Judge Overturns 2 Convictions In Woman's Death

RAVENNA, Ohio (AP) - Two men sentenced to spend most of their lives in prison for killing a woman could be released after a judge ruled their convictions were invalid.

Lawyers for both men say the state's case against is so "gutted" that "it is highly unlikely there would even be enough evidence to obtain an indictment."

Motions filed Thursday in the 11th Ohio District Court of Appeals in Warren ask that both men be released to prepare for new trials.

Randy Resh was convicted twelve years ago in the death of Connie Nardi, 31. Resh's friend, Robert Gondor, was convicted of involuntary manslaughter.

Resh is serving up to life in prison and Gondor is serving up to 51 years. Both men were 24 when Nardi was killed in 1988.

Portage County Common Pleas Judge Charles Bannon ruled on June 14 that the convictions were invalid.

Bannon's decision, based on testimony from an evidentiary hearing in May, said Resh and Gondor were denied their constitutional right to effective counsel.

Evidence that could have helped their cases was never used at either trial, Bannon said.

The state's key witness against the two men agreed to testify after pleading guilty to a reduced murder charge in the case.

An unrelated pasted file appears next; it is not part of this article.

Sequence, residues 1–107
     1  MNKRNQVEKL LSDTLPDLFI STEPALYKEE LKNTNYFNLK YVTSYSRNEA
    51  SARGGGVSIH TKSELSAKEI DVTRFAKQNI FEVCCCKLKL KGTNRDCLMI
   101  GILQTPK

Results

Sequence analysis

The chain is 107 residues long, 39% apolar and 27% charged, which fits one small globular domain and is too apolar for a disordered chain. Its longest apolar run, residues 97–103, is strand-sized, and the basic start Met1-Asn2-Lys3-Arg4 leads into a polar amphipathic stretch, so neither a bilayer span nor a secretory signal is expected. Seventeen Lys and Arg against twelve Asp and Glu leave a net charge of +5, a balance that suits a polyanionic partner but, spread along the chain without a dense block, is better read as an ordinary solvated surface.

Troy Busta, who was sentenced to 15 years to life in prison, said he and Resh lured Nardi from a bar where they had been drinking. He said they were later joined by Gondor.

Busta said Resh struck the woman several times in the head and then choked her to death when she resisted their attempts to rape her.

But in a transcript of a lengthy interview with Busta by his two defense lawyers and their investigator in 1988 -- before his plea agreement -- Busta said: "I don't know who did this."

Busta went on to say that he never saw anyone hit Nardi.

Bannon, in his decision, said the transcript "shows pressure being exerted on Busta to decide on what he was going to say to the police."

He said it also shows Busta's "uncertainty as to the facts of the murder."

Portage County Prosecutor Victor Vigluicci said it is too early to say whether his office will take Resh and Gondor to trial again. He was not the original prosecutor when they were convicted.

Resh, in an interview from Mansfield Correctional Institution, told the Akron Beacon Journal that he and Gondor have been "fighting for our freedom for 12 years now."

One of Connie Nardi's two children, 22-year-old Michelle Nardi of Ravenna, said the case was "kind of hard to talk about," because the loss of her mother is still painful.

But if Resh and Gondor did not take part in the murder, she said, they should not have to spend their lives in prison.

(Copyright 2002 by The Associated Press. All Rights Reserved.)